After church, we had a fabulous lunch at Pastor Sudhaker’s house.  Mary made sesame beef and chicken/potato curry.  We also had the most awesomely, delicious custard dessert.  The little plastic cups were filled with layers of custard, bananas, ice cream, a few nuts, and crunchy pomegranate seeds.  YUM!


          After lunch, we spent the afternoon doing nails and hair.  Suma did my nails, red with blue hearts and flowers.  Valanda French braided my hair and added decorative pins.  All of us girls, American and Indian, looked gorgeous. 



Story time came and I prepared myself to take in the girls’ words.


Megamala (17, 2nd year)- Her father died in a traffic accident when she was 2.  Her mother was 6 months pregnant at the time.  After her husband died, Mega’s mother got ill and depressed.  She stopped talking to and caring for Mega.  Mega’s grandparents took her in, but they too were unable to care for her.  However, they are Christians, so they brought her to Bethel Gospel Church.  Sarah and her husband took in Mega and care for her as if she were their own.  She is happy, studies well, and wants to be an engineer.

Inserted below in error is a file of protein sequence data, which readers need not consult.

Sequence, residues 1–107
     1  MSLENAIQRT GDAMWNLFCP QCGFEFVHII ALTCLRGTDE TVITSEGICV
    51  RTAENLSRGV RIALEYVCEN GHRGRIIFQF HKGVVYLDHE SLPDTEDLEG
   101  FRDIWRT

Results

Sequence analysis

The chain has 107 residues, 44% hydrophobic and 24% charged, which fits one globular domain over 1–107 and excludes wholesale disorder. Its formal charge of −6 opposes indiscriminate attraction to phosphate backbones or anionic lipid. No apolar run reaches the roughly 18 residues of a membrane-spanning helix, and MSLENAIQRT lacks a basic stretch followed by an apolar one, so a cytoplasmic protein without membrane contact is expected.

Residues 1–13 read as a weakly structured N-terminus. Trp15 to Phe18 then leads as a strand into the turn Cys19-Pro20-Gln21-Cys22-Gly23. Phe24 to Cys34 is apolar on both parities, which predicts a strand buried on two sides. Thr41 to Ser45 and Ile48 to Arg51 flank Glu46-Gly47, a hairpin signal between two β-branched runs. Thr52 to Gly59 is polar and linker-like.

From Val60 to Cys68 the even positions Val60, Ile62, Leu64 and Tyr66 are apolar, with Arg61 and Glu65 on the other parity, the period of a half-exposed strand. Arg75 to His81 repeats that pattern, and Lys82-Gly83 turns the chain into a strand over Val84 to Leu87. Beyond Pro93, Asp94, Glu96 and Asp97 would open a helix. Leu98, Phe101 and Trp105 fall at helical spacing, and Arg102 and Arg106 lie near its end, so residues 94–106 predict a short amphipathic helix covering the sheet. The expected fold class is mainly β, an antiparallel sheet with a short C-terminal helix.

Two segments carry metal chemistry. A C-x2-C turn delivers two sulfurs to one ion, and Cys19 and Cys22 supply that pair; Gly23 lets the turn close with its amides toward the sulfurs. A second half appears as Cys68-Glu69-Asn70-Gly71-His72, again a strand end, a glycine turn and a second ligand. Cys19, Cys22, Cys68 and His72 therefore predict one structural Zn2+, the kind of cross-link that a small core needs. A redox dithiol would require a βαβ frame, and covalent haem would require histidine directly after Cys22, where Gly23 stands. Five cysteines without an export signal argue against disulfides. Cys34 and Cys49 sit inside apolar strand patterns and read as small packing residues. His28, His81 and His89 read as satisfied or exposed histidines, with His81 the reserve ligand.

Sumalata (16, about to start college)- Her mother died when Suma was 8 and her father died sometime before that.  Suma stayed with her aunt and attended a government school.  She failed two subjects because she had no one to help her study.  Her aunt heard about Suma’s cousins, Puja and Vani, being taken in, so she brought her to Bethel Gospel Church too.  Now, Suma lives with Sarah's family.  She going to start college (high school for them) and hopes to be a bank manager.


Hema (16, 1st year)- Her mother died when Hema was 3.  Her dad was not able to care for her or her sisters.  Eventually, he remarried and her two older sisters also married.  Hema came to Bethel with her younger sister.  They see their dad over vacation, but their stepmother works them like servants.  Hema is happy at Sarah’s house.  She shares her struggles and emotions with Sarah.  Pray for her studies and her sister who is in a different home.  She wants to be an engineer.  Also, I noticed that Hema has a visual impairment of some kind.  Her eyes look in different directions, so she cannot make direct eye contact.  I do not know if this issue is being cared for or not.


Ashwini (16, 1st year)- Her father left when she was 6 years old.  He got remarried and took her younger brother with him.  In order to make money, Ashwini's mother became a servant.  Then, her mother heard about the church and brought Ashwini to Bethel.  Now, Ashwini is happy to have clothes, books, food etc.  She wants to be an accountant.  Pray for her studies and for her mother’s salvation.